The price of cryptocurrency mining rigs fell by 75%

​WSJ: mining companies begin a massive sale of equipment

07.11.2022 - 08:45

139

5 min

There’s a fire sale on bitcoin-mining hardware.

The most efficient bitcoin-mining machines are selling for 77% less than last year. The machines, used to process transactions, currently cost about $24 per 100 “terahashes,” a measure of the machine’s computing power, according to mining-services firm Luxor Technology Corp. Last year the same machines cost about $106.

Mining companies like Core Scientific Inc. CORZ -10.99% expanded rapidly during the bull run, sometimes borrowing hundreds of millions to buy hardware and build warehouses to house the hardware. Those operations were profitable when bitcoin and crypto were booming.

Once the Federal Reserve started raising interest rates, risk assets became less attractive. Tech stocks and cryptocurrencies alike fell sharply. When bitcoin crashed —it’s currently down about 70% from a year ago—mining companies’ expenses, especially their debt payments, overwhelmed their revenue. For some, their only move to raise cash right now is to sell their hardware..

One of the largest mining companies in the world, Core Scientific, on Wednesday announced that it wouldn’t make payments on “several of its equipment and other financings,” as it expects to run out of cash by the end of the year and is exploring its options. The stock plunged amid bankruptcy fears. On Friday, it was trading at just 16 cents, down almost 99% year to date.

Other mining companies have also seen stark declines in their stock value. TeraWulf Inc. is down 93% year to date. Stronghold Digital Mining Inc. is down 94%. Riot Blockchain Inc. is down 74%. Hut 8 Mining Corp. is down 70%. Marathon Digital Holdings Inc. is down 67%.

Sometimes the miners are selling hardware they just got. Argo Blockchain PLC last week said it would sell 3,800 brand-new machines—equipment it hadn’t even taken out of their boxes—to raise capital.

Sellers like Argo are dominating the market right now, said Luxor’s chief operating officer, Ethan Vera. Luxor runs a trading desk that brokers deals for the equipment.He reckoned there were only about three dozen large buyers in the Western Hemisphere. “Almost everyone’s a seller,” he said.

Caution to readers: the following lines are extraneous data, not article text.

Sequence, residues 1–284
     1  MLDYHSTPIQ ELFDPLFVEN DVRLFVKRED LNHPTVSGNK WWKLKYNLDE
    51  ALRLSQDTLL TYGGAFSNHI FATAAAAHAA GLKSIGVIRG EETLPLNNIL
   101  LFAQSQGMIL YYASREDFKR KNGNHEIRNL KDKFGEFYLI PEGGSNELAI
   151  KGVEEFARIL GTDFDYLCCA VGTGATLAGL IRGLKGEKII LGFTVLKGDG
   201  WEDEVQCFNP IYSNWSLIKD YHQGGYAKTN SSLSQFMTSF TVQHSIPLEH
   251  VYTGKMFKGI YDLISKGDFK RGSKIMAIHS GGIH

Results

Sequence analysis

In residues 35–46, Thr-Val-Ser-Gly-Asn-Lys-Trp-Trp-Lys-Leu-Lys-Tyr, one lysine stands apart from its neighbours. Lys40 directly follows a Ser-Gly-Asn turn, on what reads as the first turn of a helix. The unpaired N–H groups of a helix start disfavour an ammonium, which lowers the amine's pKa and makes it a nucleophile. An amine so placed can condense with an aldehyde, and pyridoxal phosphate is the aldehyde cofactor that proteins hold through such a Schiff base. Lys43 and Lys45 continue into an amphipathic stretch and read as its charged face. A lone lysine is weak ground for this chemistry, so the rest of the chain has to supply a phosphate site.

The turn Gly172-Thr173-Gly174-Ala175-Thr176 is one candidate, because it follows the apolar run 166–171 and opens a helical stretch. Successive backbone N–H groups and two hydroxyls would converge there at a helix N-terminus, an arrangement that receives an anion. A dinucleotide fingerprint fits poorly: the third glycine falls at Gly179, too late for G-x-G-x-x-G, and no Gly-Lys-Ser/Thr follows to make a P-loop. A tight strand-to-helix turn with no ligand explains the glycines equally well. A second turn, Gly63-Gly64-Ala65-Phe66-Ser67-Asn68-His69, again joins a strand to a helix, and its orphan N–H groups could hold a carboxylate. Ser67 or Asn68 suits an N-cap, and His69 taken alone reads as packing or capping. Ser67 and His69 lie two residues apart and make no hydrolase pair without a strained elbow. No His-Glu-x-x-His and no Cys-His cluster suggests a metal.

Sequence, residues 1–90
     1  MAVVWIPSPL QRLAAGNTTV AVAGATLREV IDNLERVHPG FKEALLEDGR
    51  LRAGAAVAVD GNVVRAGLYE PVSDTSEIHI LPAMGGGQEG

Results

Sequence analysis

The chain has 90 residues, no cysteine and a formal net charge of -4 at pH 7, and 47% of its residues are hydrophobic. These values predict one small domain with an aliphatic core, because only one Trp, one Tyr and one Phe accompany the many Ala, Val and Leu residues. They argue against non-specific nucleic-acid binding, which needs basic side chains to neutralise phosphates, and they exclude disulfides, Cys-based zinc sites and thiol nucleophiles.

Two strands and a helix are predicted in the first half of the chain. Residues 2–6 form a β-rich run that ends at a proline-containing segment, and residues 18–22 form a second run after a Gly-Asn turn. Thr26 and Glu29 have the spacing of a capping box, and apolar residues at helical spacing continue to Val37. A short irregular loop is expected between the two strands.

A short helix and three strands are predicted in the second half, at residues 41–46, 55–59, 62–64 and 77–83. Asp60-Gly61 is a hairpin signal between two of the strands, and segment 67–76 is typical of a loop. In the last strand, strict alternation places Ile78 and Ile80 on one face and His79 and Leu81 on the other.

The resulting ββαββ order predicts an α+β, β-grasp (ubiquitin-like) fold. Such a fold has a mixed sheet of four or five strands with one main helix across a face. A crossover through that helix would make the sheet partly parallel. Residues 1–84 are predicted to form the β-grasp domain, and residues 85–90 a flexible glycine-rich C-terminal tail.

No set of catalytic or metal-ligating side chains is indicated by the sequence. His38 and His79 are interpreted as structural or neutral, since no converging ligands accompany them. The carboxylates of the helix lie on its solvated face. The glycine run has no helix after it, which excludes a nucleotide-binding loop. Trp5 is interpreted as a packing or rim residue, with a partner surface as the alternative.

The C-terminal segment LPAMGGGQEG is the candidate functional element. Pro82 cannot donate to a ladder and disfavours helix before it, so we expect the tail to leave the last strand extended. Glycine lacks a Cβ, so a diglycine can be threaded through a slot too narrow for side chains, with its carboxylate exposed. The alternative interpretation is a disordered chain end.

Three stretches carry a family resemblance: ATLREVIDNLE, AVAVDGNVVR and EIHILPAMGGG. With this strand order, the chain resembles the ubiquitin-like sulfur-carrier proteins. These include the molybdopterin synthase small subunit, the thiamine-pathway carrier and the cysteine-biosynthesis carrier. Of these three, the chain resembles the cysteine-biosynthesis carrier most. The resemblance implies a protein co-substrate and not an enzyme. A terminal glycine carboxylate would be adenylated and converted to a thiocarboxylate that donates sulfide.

There has always been a secondary market for the specialized computers used to process and record bitcoin transactions, often called mining rigs or ASICs, which stands for application-specific integrated circuit.

The fallout is attracting distressed-asset buyers. Grayscale Investments is a money manager best known for its Grayscale Bitcoin Trust, a fund that launched in 2013 and has $13 billion in assets under management. The firm set up a fund to buy and operate these discount-rate mining rigs. The fund is currently seeking investors and asking for a minimum $25,000 investment. Buyers of the fund will get an ongoing share of the profit from the mining operation it will set up with the purchased equipment.

“The industry as a whole is under pressure, but investors are looking at it as an opportunity,” said Grayscale Chief Executive Michael Sonnenshein.

Other companies buying mining equipment include Bitdeer Technologies, a firm founded by Jihan Wu, who previously founded Bitmain, one of the largest mining-equipment companies. Bitdeer is setting up a $250 million fund to buy and operate mining equipment.

Mining can still be profitable for companies that don’t have high debt loads, and as some miners shut down, others are filling the void. A measure of the total computing power on the bitcoin network, called the hashrate, has recently been hitting record highs, according to Blockchain.com, a sign more machines are being put online.

Newer, more efficient and ultimately more profitable machines are contributing to the hashrate rise, said Andy Long, chief executive of mining company White Rock.

Jeffrey Burkey, who runs the ASIC trading desk for Foundry, another mining-services firm, said activity on his desk has picked up markedly over the past week or so. He suspects reluctant sellers holding out hope for better prices were forced by the rising hashrate to finally just capitulate and sell.

“It ground the miners to a point where they didn’t have a choice anymore,” he said. “In the coming weeks, it’s going to get even crazier.”

This material is taken from the website https://www.wsj.com.

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